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BBC Home Video presents
MI-5: Volume 1 (2003)

"Well, assuming she passes vetting, when might you be addressing the microscopic issue that your real name is Tom Quinn and you're a spy? "
- Harry Pearce (Peter Firth)

Review By: Kevin Clemons  
Published: January 11, 2004

Stars: Matthew MacFadyen, Keeley Hawes, David Oyelowo
Other Stars: Peter Firth
Director: various

MPAA Rating: Not Rated for mild violence and language
Run Time: 06h:05m:12s
Release Date: January 13, 2004
UPC: 794051187222
Genre: television


Style
Grade
Substance
Grade
Image Transfer
Grade
Audio Transfer
Grade
Extras
Grade
A- B+BB+ B+

DVD Review

It is probably a general understanding these days that real life British intelligence officers are not Bond, James Bond. And while that is disheartening it is something that we all must accept. The participants in the incredibly kinetic MI-5 (known as Spooks across the pond) show just as much charisma and, while there are no outrageous stunts or shaken martinis, these intelligence officers are equally clever, even if their work is less glamorous. In short, it is a perfectly realized television show that may be the best of its kind on the planet.

Rather than lumping it in with Alias or other shows that have tried to reinvigorate the spy genre on television, it becomes apparent that MI-5 is not fascinated with being flashy or melodramatic. It is refreshing to see a debut season of a television program that simply introduces the characters and gets down to the business at hand, rather than offering up cheap emotional twists—like, say, a long lost mother—as others have done.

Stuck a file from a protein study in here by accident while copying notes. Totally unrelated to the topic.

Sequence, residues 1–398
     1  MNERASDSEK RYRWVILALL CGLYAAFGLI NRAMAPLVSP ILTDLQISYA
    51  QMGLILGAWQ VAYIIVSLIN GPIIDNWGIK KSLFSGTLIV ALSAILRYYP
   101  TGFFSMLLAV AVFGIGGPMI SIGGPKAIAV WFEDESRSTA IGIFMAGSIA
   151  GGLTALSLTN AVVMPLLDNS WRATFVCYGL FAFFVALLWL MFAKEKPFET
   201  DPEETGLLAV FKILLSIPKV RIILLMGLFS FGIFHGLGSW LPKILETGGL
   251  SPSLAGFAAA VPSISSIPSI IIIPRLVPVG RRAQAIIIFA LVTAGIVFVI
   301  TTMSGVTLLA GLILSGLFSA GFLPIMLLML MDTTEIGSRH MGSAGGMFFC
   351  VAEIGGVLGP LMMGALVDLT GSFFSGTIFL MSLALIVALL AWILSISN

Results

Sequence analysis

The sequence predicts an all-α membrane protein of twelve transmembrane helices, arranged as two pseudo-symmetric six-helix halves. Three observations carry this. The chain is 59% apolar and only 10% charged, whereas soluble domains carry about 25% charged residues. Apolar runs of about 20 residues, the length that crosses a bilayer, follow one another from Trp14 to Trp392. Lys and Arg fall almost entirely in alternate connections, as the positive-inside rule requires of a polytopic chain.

The central characters are a trio of counter-terrorism agents led by Tom (MacFayden), a seemingly normal guy, who must hide his real identity from his girlfriend, Ellie (Esther Hall). It seems that a while ago, Tom met Ellie while working undercover, and she knows him as Matthew, a lonely IT guy. The remaining pair of operatives are Zoe (Hawes) and Danny (Oyelowo), but all in all, the show revolves around Tom. This is, in a nutshell, the general plot of MI-5, cool agents that are not flashy, and an understated relationship subplot—a good thing when the series is as smartly written as MI-5 is.

The first release of the series on DVD features the premier season consisting of six episodes that are now completely intact (after having been edited for time for American broadcast). Highlight episodes include the pilot, which involves a woman who blows up family planning centers with bombs obtained from IRA, and the sophomore entry, which focuses on a plot to create race riots and wars, with one of the agents on the case meeting a particularly gruesome end.

MI-5 is a well conceived and smartly realized series that captures and holds viewer attention. The interaction between the less-than-glamorous characters is refreshing, which is fascinating in and of itself given that the typical sell that spies are overly flashy and astoundingly great looking. By the middle mark of the first episode, I was involved with the characters, and as the series continued, it kept my interest at the same high level.



Rating for Style: A-
Rating for Substance: B+

 

Image Transfer

 One
Aspect Ratio1.78:1 - Widescreen
Original Aspect Ratioyes
Anamorphicyes


Image Transfer Review: Presented in a 1.78:1 anamorphic widescreen aspect ratio, MI-5 looks fine, to be sure, but there are a bevy of problems throughout. The most noticeable flaw is a constant softness that exists throughout, making the image appear murky at times. Edge enhancement is mildly distracting at times, while colors look nice with no bleeding evident, but they lack a certain amount of vibrancy. Given the flashy nature of the show, I had hoped for a much nicer looking picture but what is here is certainly a fine effort.